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“I Used to Think . . . And Now I Think . . .” At the end of a course or a professional development session, I frequently ask the learners I work with to reflect on how their thinking has changed as a consequence of our work together. This reflection takes the form of a simple two-column exercise. In one column, I ask them to complete the phrase, "I used to think . . . ," and in the other, "And now I think . . . " People often find this a useful way to summarize how our work together has changed their thinking and their habits of mind, and how we have influenced each other.
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It’s an Amazing Time to Be a Learner Whether it's the two billion teachers we can now connect to on the Web, the myriad of entertaining and at the same time educational video games we can play with our friends (or by ourselves), or the potential to answer almost any question we can pose through a few keystrokes on the phones in our pockets, we live at a moment of ubiquitous learning, one few of our ancestors could have imagined. It's a moment that in many ways we ourselves are still struggling to make sense of, struggling to imagine the endless possibilities that we find ourselves swimming in.
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Is Online Learning a Disruptive Innovation? Depending on the sources you turn to for your higher-education reading, you might come away with the perception that online learning is a risky experiment taking place in the margins of higher education--largely under the oversight of profit-seeking, fly-by-night diploma mills.
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The Strategic Question of Class Size In his new edited volume, Stretching the School Dollar, Frederick Hess notes that teacher ranks have grown twice as fast as student enrollment over the past several decades, sharply increasing what has always been the single largest expenditure in district budgets. In times of limited resources, the essential question for policy makers should be how to save money while also maximizing teacher productivity.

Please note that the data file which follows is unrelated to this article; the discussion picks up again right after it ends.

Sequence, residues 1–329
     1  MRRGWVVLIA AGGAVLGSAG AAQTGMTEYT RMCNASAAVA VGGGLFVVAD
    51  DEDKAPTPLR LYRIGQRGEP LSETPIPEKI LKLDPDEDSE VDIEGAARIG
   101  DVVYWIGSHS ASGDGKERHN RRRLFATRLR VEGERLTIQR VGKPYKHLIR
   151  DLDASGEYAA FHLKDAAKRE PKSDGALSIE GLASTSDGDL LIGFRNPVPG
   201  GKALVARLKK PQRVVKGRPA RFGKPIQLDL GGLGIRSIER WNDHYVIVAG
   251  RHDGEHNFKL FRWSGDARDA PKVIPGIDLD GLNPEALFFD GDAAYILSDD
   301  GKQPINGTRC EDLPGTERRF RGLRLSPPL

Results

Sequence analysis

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Rating Teacher Education? A Fork in the Road In the old days, before caller ID and no-dial lists, victims of obscene phone calls faced a difficult choice: hang up in hopes the perp would go away, or try to trace the origin and press charges (or at least stay on the line and persuade the caller to get some therapy). Police psychologists usually recommended the more passive strategy, but that was never entirely satisfying because the dilemma evoked a deeper conundrum. From operant conditioning one could hope that ignoring bad behavior would extinguish it, but from our 16th president we learned that "to sin by silence when they should protest makes cowards of men..."
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How Change Really Happens: The Hidden Potential of Social Networks When I was a teacher, a colleague of mine wanted to try a new reading program. He had done his homework and carefully examined the research base upon which the program was grounded. Moreover, he even went to visit schools that had successfully implemented the approach, carefully noting strengths and necessary modifications for our school. As he presented the approach at a staff meeting, he was convinced he had constructed a very powerful, balanced, rational argument for the program. I was quite impressed with the work he had done and the persuasiveness of his line of reasoning.
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School Boards and Adult Issues Anyone who is interested in school governance should check out the latest chapter in the ongoing saga of the Atlanta School Board. In brief, all its high schools were put on probation this month by an accrediting organization due to dysfunctional behavior on the APS school board.
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Let’s Leave No Child Inside Our country has a growing problem--our kids are spending less time outdoors learning and exploring and more time inside hooked up to video games or surfing the web. Lucy Hood's recent piece, "The Greening of Environmental Ed," provided a good look at how science teachers are combating this problem through their curricula and teaching methods. I'd like to offer an additional viewpoint.
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Q&A with Jeffrey R. Henig Jeffrey Henig, coeditor with Katrina Bulkley and Henry Levin of the new Harvard Education Press book, Between Public and Private: Politics, Governance, and the New Portfolio Models for Urban School Reform, discusses the book's subject--the new Portfolio Management Model (PMM) for district management--and its implications for school improvement in four urban districts.
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Equal Opportunity in Higher Education Arizona is the latest state that voted to end affirmative action in higher education (and other public domains). Earlier this month, voters in Arizona passed Proposition 107, titled the Arizona Civil Rights Amendment, making it the fifth state banning the use of race in consideration for higher education admission through public referenda.
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